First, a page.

A dipper (Cinclus cinclus) sits on a stone by the creek bank with prey in its beak
Photo: W. Rolfes / McPHOTO / blickwinkel / imago images
Around 600 different species of birds breed in Europe.
This is the result of the new breeding bird atlas (EBBA2) of the European Bird Census Council (EBCC).
539 of the species found are indigenous, 57 originally come from other parts of the world.
Most of these species are only distributed in small areas of Europe, according to a press release.
One of the largest projects in Europe on biodiversity is behind the breeding bird atlas.
The most detailed picture of the distribution of birds in Europe so far is obtained because around 120,000 volunteers made their field observations available from all over Europe between 2013 and 2017.
Compared to the survey for the first breeding bird atlas, whose data come from the 1980s, the new report finds various changes in the populations.
One of the most important findings of the ornithologists: Many birds are drawn ever further north to breed.
Over the past three decades, the breeding areas of European populations have shifted by an average of about one kilometer each year.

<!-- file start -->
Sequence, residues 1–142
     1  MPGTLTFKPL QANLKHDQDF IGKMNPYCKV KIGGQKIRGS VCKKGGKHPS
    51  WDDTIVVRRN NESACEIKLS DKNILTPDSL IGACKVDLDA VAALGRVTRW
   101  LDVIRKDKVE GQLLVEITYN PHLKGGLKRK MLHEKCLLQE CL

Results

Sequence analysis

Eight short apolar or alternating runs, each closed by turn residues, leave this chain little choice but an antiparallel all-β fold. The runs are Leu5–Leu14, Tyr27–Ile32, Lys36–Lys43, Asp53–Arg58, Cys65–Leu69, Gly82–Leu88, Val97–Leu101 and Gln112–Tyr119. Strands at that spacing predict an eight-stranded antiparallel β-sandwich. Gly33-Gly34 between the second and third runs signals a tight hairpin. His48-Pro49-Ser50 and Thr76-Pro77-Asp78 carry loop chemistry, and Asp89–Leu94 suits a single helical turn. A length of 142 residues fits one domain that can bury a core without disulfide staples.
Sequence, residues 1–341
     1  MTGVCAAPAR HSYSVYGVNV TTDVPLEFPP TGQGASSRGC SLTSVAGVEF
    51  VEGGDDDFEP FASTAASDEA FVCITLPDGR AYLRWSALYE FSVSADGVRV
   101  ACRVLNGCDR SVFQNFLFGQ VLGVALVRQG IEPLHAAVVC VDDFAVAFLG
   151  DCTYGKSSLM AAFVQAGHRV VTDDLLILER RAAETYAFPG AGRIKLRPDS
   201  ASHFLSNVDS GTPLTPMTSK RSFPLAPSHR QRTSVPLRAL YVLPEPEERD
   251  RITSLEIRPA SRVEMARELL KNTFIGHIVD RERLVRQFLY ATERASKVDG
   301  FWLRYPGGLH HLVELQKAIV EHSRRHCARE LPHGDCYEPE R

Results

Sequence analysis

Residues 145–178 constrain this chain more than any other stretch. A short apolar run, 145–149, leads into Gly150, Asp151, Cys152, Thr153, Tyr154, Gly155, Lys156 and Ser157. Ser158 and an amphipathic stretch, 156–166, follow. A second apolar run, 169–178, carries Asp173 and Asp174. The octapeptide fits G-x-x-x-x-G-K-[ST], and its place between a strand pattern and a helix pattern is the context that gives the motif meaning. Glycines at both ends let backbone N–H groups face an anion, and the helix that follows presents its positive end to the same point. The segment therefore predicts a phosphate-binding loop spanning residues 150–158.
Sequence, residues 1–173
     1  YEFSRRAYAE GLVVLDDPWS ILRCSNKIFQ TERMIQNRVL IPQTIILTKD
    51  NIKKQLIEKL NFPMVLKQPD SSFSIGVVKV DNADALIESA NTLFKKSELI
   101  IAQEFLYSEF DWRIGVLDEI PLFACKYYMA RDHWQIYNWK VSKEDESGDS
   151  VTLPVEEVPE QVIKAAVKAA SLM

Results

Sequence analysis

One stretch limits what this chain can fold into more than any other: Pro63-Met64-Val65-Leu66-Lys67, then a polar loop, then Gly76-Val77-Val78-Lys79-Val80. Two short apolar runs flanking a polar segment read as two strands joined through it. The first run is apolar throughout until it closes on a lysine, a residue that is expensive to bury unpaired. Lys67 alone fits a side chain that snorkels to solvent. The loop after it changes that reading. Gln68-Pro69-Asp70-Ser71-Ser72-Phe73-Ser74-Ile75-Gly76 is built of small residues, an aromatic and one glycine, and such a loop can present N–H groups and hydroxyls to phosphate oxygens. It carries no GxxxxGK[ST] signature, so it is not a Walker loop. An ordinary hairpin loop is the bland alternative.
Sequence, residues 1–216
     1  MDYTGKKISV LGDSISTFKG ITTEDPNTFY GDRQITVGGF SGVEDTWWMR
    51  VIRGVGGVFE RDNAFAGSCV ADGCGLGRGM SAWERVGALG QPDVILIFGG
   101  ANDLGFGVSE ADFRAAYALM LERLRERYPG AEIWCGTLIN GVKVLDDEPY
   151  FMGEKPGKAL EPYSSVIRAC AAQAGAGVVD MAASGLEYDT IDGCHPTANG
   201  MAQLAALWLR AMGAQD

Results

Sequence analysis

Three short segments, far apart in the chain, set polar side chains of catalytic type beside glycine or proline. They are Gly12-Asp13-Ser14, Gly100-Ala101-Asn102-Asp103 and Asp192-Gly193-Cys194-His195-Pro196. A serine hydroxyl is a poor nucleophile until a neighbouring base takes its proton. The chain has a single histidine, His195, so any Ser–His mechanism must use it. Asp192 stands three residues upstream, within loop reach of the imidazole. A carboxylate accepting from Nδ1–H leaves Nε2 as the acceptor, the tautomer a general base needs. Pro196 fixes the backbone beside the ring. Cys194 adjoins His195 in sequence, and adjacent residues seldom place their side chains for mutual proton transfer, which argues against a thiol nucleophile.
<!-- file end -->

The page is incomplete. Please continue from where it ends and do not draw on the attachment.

Compared to the older data, the nursery of many birds is now about 28 kilometers further north.
Some species such as the little egret (Egretta garzetta) or the bee-eater (Merops apiaster), which actually prefer the Mediterranean region, now also reach Great Britain, France or the Netherlands due to milder temperatures.
Around 35 percent of all native breeding bird species have been able to enlarge their area in the past 30 years.
These include forest birds and animals that are protected by international law.
One such winner, according to the report, is the black-headed gull (Larus melanocephalus).
It lives mainly on the coasts of Central Europe, but sometimes also flies inland.
Overall, it appears that species that are protected do better than those that are not.
That is important news within the European Union.
Climate change and land use are the causes
A quarter of all species now have a smaller breeding area.
According to the authors, these include many birds that can be found primarily on farmland, but also the European roller (Coracias garrulus), which breeds in tree hollows.
Sergi Herrando from the EBBA2 coordination team said these losses were particularly evident in the Mediterranean region as well as Western and Central Europe.
"Regions in the north of the continent have increased in species while the areas in the south have suffered losses."
The experts see climate change and changes in land use as the main causes of the changes.
The habitat of animals disappears with fewer green spaces.
The demand for arable land and urban areas is increasing.
One of the more positive results that the atlas shows: Despite the change, only a few native species have completely disappeared.
Icon: The mirror
joe / dpa